Reverse mentoring, intergenerational training that is developed in companies

Reverse mentoring, intergenerational training that is developed in companies


Today, the wise are not only the seniors. In the digital age and new technologies, a mentor can also be a young person. Mentorship works both ways. For several years, “reverse mentoring” has developed rapidly in order to help senior executives acclimatize to digital progress. For training in complex tools or browsing social networks, this process is an excellent method for using company resources and consolidating the technological knowledge of senior employees. Zoom in on this trend which is spreading both in France and internationally.

The practice of mentoring integrates the transmission of knowledge on a voluntary basis in a professional relationship, which goes beyond hierarchical considerations. 11,000 VSEs and SMEs from 17 countries confirmed that 93% of them agree that mentoring could help them, but only 28% have experienced it, according to a survey by Sage (a multinational software and solutions publisher management, editor’s note). This practice would be a source of employee development and productivity. This system has played an essential role for 75% of executives in their careers, according to ATD (Association for Talent Development, an association dedicated to those who develop talent in the company, editor’s note). A new type of mentoring has emerged to enable all members of a business to learn new techniques. This is called “reverse mentoring”.

Reverse mentoring, beneficial learning for all

Reverse mentoring appears to be a real need in the face of digital evolution. This management process became widespread in the 90s, within the American firm General Electric. Jack Welch, the former CEO, had asked 500 executives of the company to identify young employees who could teach them how to use the web and its new tools. People of Generation Y, born between 1980 and 2000, also called “Digital Natives” or “ Millennials “, Often prove to be more competent when it comes to the digital world. They then obtain a new role in the company, that of supporting their elders towards this digital transition. However, this learning is not a one-way street and benefits both parties since employees have the opportunity to pool their knowledge and learn from each other. The mentor has the chance to share his digital know-how and to be recognized for it. He comes into direct contact with managers and expresses his vision of the firm and its management, opportunities that are difficult to do outside of the relationship established by mentoring. On the side of the senior manager, the gaze of the young employee allows him to modify his perception and his interactions on the company. It also adapts to a new way of working in an ever-changing digital environment. In exchange for this service, the executive can take advantage of his experience to support the young employee in his career goals, by sharing his knowledge of the profession and helping him to develop a network. Reverse mentoring thus allows the company to manage intergenerational relations and to develop better thanks to the skills of each.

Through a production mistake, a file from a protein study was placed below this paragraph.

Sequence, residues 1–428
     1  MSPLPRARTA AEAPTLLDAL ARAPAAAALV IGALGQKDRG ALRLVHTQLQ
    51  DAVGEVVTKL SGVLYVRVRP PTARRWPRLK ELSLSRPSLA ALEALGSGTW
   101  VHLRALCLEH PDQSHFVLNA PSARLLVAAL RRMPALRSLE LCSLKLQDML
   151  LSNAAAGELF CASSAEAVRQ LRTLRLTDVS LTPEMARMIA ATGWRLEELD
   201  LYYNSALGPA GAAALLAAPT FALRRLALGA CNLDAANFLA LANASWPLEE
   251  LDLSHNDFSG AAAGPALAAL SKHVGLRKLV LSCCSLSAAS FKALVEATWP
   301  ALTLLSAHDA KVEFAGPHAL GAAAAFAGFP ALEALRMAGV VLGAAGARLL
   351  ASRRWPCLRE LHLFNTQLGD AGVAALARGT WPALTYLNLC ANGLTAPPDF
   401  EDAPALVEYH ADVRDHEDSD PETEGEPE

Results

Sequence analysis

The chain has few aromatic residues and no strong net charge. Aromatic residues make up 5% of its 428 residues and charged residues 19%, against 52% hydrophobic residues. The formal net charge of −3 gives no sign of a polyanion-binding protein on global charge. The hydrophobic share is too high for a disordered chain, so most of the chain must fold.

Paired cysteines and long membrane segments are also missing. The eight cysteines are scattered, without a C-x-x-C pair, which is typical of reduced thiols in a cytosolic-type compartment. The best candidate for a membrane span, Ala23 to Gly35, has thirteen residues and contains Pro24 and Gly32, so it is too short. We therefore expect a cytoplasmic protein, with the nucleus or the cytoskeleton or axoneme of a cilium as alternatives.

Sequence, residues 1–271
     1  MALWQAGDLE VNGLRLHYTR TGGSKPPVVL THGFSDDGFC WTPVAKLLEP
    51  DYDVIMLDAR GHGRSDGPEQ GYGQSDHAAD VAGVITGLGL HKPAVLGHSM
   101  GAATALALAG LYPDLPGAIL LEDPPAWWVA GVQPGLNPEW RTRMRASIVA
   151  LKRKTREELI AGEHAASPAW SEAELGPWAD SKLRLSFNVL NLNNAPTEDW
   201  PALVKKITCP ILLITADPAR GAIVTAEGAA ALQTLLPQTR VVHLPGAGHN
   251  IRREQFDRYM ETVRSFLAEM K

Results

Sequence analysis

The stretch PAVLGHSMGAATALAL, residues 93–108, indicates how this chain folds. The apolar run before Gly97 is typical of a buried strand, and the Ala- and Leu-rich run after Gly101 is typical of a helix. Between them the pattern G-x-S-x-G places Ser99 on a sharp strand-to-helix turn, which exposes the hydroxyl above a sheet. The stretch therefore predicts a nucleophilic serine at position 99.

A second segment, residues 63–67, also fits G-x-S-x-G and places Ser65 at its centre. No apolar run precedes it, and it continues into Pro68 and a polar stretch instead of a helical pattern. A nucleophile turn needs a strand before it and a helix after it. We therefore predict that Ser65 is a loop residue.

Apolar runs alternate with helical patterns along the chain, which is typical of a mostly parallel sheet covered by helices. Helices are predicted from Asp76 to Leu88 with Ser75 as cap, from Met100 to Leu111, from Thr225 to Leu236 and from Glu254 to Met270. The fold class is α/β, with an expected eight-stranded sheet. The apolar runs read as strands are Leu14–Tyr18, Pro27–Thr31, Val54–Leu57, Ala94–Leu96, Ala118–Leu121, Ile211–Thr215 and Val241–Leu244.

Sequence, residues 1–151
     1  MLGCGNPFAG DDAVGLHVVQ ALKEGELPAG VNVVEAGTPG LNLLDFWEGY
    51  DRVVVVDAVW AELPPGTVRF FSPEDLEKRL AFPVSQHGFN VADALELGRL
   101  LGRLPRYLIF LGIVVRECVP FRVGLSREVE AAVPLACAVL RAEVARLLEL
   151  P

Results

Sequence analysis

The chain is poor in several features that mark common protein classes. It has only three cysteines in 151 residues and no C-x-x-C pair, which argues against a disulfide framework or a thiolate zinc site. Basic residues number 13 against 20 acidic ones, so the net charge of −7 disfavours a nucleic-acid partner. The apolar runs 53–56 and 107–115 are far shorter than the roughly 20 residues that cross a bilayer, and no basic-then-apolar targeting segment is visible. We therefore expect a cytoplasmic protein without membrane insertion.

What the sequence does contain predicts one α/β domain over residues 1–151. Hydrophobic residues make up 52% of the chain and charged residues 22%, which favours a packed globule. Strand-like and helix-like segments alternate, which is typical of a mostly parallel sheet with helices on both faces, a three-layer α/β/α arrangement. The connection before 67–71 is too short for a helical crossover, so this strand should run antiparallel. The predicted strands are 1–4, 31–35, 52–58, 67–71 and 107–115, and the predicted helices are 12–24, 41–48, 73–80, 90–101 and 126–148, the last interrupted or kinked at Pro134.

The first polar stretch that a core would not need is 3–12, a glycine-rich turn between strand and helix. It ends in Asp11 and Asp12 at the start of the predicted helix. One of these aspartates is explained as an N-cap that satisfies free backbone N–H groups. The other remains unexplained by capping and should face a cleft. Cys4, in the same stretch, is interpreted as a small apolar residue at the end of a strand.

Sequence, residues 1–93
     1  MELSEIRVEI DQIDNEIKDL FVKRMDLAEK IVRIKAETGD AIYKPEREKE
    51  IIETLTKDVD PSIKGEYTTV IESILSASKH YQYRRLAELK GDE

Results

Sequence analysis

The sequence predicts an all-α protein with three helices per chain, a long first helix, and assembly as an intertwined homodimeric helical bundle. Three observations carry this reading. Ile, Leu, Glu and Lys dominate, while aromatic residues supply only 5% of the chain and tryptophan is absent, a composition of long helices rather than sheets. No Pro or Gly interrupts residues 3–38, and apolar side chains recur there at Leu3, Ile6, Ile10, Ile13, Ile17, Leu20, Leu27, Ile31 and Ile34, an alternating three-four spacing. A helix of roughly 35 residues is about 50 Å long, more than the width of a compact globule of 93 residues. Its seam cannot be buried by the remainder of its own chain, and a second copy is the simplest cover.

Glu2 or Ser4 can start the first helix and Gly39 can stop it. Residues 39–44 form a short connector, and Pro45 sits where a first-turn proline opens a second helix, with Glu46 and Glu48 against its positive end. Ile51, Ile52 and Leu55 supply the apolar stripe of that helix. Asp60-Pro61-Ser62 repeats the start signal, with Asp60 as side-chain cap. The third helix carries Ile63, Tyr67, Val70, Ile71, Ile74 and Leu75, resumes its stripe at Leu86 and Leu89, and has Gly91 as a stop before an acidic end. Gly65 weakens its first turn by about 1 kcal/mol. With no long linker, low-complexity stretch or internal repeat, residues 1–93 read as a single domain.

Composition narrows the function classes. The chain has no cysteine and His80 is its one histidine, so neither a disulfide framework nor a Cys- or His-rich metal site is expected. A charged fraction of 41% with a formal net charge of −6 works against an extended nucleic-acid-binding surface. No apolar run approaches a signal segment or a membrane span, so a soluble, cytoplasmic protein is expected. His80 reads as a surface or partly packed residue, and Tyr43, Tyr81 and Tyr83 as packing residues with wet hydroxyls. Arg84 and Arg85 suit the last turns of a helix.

When international and French companies get started …

Following General Electric, international companies such as Cisco (an American IT firm specializing in servers, editor’s note), HP and The Hartford (an American insurance company, editor’s note) adopted reverse mentoring and set up programs specialized. Several French companies such as Sanofi, SNCF or Orange have let themselves be seduced by the device. At the first telephone operator in France, each member of the executive committee is assigned a mentor, a young employee who teaches them the codes and customs on social networks. Associated with the Colas, Engie and Saint-Gobain companies, Axa has launched various “reverse mentoring” challenges with a strategy called “Employee Advocacy”, which consists of propelling employees into corporate ambassadors on social networks in order to to facilitate assimilation to the various digital tools. Founded in 2015 by Jean-Charles Varlet, Théo Dorp and Romain Abidonn, the Crème de la Crème start-up has specialized in this sector, by creating a platform that allows companies to call on the best freelance students from the largest schools. and universities in France to deliver them a digital project such as a business plan. With LinkedIn, the company created in 2017 an exclusive program with forty French leaders such as Pierre-André de Chalendar, CEO of Saint-Gobain (a French company specializing in the production, transformation and distribution of construction materials, editor’s note). The best talents of the start-up helped them on new acquisition channels, on chatbots and on the visibility strategy through the publication of content on the professional social network.

Mentoring in companies is therefore an increasingly widespread practice and constitutes a real lever for digital training for entrepreneurs and their employees. Suzanne de Janasz and Maury Peiperl, two professors from the International Institute of Management (IMD) in Lausanne, interviewed 45 executives who had benefited from mentoring programs. 71% of them said that the program led to an improvement in the company’s results and 84% felt that they had acquired skills within their function. Finally, 95% of employees who participated in a mentoring program said that the experience was motivating and allowed to achieve a higher level of performance, according to the study carried out by Ed Michaeles, Helen Handfield-Jones and Beth Axelrod in their book “The War for Talent”.



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